I recently re-tweeted a news article about how the Premier of our province, Kathleen Wynne, criticized Tim Horton’s franchisees for taking away benefits from employees as a cost cutting measure to meet the new minimum wage requirements; she called the owners ‘bullies’. I pointed out that Kathleen Wynne’s government has systematically cut benefits from education and other workers in the province over the last several years. My question was: who is the bully in that situation?
As could be expected, I received a couple of comments telling me that as a public servant, I was overpaid, didn’t know what life is like in the “real world” and had been coddled. I responded with examples of how I didn’t feel I was coddled (being injured, etc.) – and then I stopped.
First of all, getting into a war of words on Twitter is as useful as a bathing suit in a snowstorm, and secondly, I feel the discussions about education funding always devolves into the blame game: education workers, teachers and others are accused of being greedy.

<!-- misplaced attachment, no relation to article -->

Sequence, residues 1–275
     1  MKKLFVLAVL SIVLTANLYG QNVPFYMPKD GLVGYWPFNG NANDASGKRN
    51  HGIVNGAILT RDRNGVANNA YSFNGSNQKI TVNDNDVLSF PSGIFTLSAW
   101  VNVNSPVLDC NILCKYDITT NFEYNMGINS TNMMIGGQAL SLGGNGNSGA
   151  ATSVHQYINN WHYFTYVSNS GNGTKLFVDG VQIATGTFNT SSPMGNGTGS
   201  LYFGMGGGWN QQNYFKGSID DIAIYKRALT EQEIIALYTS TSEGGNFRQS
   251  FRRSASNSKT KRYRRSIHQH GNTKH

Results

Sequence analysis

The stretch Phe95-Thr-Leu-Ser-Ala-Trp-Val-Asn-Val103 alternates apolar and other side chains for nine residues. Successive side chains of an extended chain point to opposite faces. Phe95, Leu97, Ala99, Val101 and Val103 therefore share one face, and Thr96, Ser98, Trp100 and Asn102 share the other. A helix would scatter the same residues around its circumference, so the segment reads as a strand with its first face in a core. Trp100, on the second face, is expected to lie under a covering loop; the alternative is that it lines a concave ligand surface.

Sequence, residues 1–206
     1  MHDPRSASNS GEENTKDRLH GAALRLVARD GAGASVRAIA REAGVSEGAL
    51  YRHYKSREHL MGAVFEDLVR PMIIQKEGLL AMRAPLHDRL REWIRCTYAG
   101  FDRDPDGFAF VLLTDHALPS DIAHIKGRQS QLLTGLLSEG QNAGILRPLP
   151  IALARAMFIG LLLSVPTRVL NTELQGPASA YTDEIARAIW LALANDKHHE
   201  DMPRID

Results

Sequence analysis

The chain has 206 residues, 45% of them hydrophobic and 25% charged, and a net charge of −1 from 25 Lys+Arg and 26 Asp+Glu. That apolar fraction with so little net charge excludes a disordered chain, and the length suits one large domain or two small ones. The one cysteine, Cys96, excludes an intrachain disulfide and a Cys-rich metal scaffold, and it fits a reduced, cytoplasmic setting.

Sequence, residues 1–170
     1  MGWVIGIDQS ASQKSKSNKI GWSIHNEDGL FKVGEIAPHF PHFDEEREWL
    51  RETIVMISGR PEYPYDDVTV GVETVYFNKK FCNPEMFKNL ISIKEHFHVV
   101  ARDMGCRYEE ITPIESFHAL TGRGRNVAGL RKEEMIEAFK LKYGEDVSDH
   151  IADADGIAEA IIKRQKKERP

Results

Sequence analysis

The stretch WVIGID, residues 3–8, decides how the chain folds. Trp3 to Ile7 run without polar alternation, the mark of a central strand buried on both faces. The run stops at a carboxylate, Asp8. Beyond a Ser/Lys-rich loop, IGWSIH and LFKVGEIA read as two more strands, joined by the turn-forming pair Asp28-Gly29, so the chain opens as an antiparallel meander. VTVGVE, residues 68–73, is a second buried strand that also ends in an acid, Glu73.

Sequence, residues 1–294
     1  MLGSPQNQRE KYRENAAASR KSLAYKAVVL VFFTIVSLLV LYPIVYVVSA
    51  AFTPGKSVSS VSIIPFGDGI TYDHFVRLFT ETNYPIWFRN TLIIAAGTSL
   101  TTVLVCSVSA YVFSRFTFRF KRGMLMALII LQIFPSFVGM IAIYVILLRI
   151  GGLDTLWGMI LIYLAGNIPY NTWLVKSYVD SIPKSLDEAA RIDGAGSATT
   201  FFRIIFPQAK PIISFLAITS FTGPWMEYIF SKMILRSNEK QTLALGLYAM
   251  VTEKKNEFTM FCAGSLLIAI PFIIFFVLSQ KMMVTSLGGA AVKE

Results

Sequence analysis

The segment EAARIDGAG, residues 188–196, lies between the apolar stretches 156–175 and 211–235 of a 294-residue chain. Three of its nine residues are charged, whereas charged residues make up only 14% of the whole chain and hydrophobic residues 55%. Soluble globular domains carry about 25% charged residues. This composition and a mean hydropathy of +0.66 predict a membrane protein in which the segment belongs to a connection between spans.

Here’s the only thing that should matter to everyone when it comes to education (and my personal bottom line): the best interests of students.
When you take money out of the system, students are negatively impacted.
Governments and uninformed people in the public continually circle the issues around education funding back to it being about salaries and benefits. Yes, those are important. Society bases people’s value on income; people need decent wages to live and to contribute to the economy; and, people deserve to be compensated fairly for their contributions.
Good educators are ones who see the importance of a balanced set of priorities. Educators have taken pay cuts in one form or another – usually small or no increases in salaries along with benefit cuts.
And still, the students suffer. The governments are saving money on salaries, as they said they needed to. And yet, the cuts continue.
Fewer supports, high student to teacher and educational assistant ratios, closing schools and/or classrooms (meaning fewer places for students with specialized needs to receive appropriate care), less professional development opportunities, fewer mental and physical health care specialists – all of these directly impact students.
Yes; I got ticked that the Premier took away my benefits.
But, let’s be clear: my biggest priorities, and that of all good educators, are our students and their learning conditions. The fact that those are also our working conditions should not make the picture muddy.
The difficulties educators and students are facing ARE the real world and constitute the real learning enviroment for thousands of students everyday.